Neuroradiology

, Volume 54, Issue 8, pp 883–892 | Cite as

Neuroanatomical correlates of tinnitus revealed by cortical thickness analysis and diffusion tensor imaging

  • Faten M. Aldhafeeri
  • Ian Mackenzie
  • Tony Kay
  • Jamaan Alghamdi
  • Vanessa Sluming
Functional Neuroradiology

Abstract

Introduction

Tinnitus is a poorly understood auditory perception of sound in the absence of external stimuli. Convergent evidence proposes that tinnitus perception involves brain structural alterations as part of its pathophysiology. The aim of this study is to investigate the structural brain changes that might be associated with tinnitus-related stress and negative emotions.

Methods

Using high-resolution magnetic resonance imaging and diffusion tensor imaging, we investigated grey matter and white matter (WM) alterations by estimating cortical thickness measures, fractional anisotropy and mean diffusivity in 14 tinnitus subjects and 14 age- and sex-matched non-tinnitus subjects.

Results

Significant cortical thickness reductions were found in the prefrontal cortex (PFC), temporal lobe and limbic system in tinnitus subjects compared to non-tinnitus subjects. Tinnitus sufferers were found to have disrupted WM integrity in tracts involving connectivity of the PFC, temporal lobe, thalamus and limbic system.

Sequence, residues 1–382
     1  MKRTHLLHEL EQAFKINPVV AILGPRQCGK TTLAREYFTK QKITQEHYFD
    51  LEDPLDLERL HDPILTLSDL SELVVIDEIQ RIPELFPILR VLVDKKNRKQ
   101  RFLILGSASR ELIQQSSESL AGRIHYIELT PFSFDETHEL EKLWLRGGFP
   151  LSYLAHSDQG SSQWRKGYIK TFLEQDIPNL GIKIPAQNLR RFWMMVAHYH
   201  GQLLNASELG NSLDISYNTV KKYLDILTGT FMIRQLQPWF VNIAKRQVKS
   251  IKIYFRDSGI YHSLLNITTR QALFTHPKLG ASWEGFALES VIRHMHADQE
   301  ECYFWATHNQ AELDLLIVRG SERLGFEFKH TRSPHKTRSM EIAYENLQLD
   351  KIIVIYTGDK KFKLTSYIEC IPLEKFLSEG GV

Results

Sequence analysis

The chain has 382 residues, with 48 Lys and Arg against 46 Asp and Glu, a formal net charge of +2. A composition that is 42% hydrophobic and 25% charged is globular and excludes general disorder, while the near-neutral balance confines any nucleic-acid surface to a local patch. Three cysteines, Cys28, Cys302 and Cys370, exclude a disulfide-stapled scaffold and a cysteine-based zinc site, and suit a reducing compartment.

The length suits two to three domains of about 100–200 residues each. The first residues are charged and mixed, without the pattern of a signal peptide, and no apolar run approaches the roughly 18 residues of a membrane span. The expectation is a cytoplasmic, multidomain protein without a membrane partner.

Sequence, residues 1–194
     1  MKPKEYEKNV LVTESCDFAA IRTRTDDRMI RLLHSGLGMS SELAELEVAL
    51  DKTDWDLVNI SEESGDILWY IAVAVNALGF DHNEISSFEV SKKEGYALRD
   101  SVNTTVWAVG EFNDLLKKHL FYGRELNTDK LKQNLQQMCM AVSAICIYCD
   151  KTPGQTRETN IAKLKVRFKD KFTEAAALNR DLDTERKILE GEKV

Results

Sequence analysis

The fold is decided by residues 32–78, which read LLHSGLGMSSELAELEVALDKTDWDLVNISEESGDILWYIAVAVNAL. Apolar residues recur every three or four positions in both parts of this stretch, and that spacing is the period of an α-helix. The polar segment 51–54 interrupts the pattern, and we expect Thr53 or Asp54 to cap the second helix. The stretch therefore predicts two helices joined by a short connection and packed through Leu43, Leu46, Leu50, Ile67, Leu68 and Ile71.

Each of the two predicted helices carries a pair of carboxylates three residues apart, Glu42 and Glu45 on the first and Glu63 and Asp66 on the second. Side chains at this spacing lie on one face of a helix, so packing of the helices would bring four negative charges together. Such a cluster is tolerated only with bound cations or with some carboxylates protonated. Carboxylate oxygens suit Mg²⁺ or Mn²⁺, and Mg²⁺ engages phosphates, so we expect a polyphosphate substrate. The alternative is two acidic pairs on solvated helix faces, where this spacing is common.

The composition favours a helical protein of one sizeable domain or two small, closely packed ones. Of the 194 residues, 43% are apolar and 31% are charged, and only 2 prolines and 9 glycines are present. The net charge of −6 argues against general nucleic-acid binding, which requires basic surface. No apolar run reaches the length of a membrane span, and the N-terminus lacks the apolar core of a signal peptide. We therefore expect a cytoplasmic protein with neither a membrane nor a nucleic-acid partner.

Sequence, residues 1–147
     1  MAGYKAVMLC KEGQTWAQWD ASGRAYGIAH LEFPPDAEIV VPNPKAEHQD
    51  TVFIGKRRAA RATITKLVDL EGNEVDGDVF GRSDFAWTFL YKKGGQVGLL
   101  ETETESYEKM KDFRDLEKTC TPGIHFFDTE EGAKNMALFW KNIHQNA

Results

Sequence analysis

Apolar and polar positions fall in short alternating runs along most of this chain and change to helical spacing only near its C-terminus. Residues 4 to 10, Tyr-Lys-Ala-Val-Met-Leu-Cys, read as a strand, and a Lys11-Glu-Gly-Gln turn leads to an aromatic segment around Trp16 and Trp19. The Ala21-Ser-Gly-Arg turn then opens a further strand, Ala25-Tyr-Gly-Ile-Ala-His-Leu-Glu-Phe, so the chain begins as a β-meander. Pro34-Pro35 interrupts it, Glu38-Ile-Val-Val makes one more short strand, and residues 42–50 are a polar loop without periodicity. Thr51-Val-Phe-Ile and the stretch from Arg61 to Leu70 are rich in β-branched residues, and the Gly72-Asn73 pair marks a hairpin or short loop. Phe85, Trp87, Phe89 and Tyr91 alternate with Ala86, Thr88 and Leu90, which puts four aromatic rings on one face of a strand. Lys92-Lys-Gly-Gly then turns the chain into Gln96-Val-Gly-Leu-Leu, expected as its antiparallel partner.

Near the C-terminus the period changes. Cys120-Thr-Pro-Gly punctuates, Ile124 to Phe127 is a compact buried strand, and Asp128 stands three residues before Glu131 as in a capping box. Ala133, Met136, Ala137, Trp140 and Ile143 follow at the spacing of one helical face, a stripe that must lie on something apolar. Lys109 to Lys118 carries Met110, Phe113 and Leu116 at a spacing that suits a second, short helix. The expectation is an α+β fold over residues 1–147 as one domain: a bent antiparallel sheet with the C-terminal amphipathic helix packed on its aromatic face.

Conclusion

Our results suggest that such neural changes may represent neural origins for tinnitus or consequences of tinnitus and its associations.

Keywords

Tinnitus Cortical thickness DTI MRI Brain 

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Copyright information

© Springer-Verlag 2012

Authors and Affiliations

  • Faten M. Aldhafeeri
    • 1
    • 2
  • Ian Mackenzie
    • 3
  • Tony Kay
    • 3
  • Jamaan Alghamdi
    • 1
    • 4
  • Vanessa Sluming
    • 1
    • 5
  1. 1.Department of Medical Imaging, School of Health SciencesThe University of LiverpoolLiverpoolUK
  2. 2.Ministry of Health, Radiology DepartmentKing Khalid General HospitalHafral-batinKingdom of Saudi Arabia
  3. 3.Aintree University Hospitals NHS Foundation TrustLiverpoolUK
  4. 4.Physics Department, Faculty of SciencesKing Abdul Aziz UniversityJeddahKingdom of Saudi Arabia
  5. 5.Magnetic Resonance and Image Analysis Research CentreLiverpoolUK

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